Japan gets a lot of games that the rest of the gaming world does not. Honestly, it's just not fair, but as gamers we have grown used to the fact that Japan is our spoiled brother that gets all the good stuff. Imagine our surprise, however, when a game has been fully translated and voiced in the English tongue, and is then released in PAL territories but not in the US. That's just cold. That's like having three kids, giving 2 of those kids a bar of chocolate and then sending the third to his room. This is what happened with The Last Story, as well as two other games - Xenoblade Chronicles and Pandora's Tower. So, what is going to happen to that third kid in our previous scenario? He's pissed. IT makes no sense. He is going to whine, and cry, and hate you until you drive back to the store, and get him his chocolate bar - and that's exactly what American gamers did in a sense. These three Wii exclusives spawned "Operation Rainfall" - a petition to get all of these games released in America. Lo and behold, our temper tantrum was mostly a success (2 of 3 were released), and here I am reviewing a game I thought I'd never get to play.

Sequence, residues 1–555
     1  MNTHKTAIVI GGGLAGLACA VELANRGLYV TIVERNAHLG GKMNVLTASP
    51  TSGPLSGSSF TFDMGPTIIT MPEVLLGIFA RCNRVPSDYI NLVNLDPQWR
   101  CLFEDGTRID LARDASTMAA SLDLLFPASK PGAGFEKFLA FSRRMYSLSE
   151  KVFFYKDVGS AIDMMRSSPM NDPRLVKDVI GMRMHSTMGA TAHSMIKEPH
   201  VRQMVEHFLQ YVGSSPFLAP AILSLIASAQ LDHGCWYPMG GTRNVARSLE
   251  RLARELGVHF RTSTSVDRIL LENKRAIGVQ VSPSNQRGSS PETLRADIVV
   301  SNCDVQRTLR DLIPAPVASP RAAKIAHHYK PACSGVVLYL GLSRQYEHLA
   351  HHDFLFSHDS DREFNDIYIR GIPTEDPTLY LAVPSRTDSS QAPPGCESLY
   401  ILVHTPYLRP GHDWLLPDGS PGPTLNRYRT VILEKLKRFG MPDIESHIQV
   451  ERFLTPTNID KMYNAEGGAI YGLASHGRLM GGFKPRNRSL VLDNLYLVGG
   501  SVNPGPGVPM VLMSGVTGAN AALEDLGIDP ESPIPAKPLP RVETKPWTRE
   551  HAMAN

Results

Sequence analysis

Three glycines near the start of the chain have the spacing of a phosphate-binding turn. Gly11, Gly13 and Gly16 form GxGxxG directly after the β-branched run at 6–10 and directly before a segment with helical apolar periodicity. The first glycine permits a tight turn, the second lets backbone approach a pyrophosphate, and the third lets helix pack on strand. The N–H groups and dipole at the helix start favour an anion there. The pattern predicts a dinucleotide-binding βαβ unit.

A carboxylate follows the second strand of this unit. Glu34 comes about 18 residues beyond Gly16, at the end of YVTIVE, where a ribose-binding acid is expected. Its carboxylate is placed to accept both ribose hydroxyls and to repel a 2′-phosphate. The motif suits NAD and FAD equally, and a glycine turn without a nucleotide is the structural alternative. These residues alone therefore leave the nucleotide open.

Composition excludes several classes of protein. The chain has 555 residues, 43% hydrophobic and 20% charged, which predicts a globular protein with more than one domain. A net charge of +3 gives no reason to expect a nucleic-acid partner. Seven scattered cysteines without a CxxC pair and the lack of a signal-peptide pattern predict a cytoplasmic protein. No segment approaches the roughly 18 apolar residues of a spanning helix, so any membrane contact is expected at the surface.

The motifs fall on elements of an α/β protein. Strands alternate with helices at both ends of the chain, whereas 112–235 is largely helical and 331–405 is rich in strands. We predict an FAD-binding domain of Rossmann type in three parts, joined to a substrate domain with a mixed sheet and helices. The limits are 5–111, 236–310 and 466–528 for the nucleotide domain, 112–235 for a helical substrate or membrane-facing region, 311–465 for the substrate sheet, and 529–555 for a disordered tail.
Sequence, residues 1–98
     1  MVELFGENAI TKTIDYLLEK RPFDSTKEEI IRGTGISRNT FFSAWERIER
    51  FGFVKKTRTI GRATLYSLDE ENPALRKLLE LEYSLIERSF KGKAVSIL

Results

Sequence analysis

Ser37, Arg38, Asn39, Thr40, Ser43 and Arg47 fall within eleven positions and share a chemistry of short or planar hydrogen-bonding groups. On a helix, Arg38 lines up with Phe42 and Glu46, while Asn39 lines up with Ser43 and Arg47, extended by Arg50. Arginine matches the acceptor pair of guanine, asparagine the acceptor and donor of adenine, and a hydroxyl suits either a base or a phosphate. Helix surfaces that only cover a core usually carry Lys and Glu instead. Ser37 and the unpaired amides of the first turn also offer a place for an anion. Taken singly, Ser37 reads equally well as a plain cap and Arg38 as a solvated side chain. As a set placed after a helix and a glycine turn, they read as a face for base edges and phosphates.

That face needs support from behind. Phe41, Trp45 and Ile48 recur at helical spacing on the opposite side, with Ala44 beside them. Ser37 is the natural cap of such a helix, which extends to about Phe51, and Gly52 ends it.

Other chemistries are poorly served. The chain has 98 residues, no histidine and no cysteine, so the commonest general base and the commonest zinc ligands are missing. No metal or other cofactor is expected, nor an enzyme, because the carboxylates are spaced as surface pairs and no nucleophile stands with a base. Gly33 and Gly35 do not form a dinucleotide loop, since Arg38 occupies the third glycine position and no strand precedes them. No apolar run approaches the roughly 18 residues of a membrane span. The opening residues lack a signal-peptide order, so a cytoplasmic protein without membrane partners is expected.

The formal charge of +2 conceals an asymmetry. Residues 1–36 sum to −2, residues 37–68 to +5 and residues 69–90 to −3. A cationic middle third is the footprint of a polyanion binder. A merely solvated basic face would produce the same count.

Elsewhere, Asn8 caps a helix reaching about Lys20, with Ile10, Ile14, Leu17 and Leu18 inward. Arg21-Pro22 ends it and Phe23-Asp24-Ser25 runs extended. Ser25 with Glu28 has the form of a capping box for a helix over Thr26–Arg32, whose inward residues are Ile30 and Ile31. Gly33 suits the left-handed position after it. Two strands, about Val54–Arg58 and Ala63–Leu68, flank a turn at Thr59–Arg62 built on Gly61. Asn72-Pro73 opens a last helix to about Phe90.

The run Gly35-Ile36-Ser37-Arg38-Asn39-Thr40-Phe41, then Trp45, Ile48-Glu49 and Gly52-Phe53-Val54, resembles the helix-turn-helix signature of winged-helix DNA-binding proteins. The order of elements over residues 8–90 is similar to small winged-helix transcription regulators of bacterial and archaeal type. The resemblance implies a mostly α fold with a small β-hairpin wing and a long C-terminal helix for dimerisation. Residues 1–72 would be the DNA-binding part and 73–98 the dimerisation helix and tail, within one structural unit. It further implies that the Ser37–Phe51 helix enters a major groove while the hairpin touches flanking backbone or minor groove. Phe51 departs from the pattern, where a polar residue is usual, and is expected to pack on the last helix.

The Last Story is the most recent game from Mistwalker Studios, which was created by famed Final Fantasy creator Hironobu sakaguchi. He claimed to have gone into this project with the same mindset as when he created the original Final Fantasy, and it certainly shows. even the logo and name are very close to Final Fantasy! To top it off, the games music was composed by Nobuo Uematsu, who also composed the music of Final Fantasy. In short, the art style, music, and story will all remind you quite directly of Final Fantasy - but it has more than enough strength to stand on its own.
The Last Story just kind of throws you right into the action when you start - you fight your first battle within the first 5 minutes. Throughout this segment, the characters are having flashbacks and bantering about things and just confusing you in general. It wasn't until about an hour in that I finally understood everything that went on in those first few moments. The gameplay, however, was too engrossing for me to care.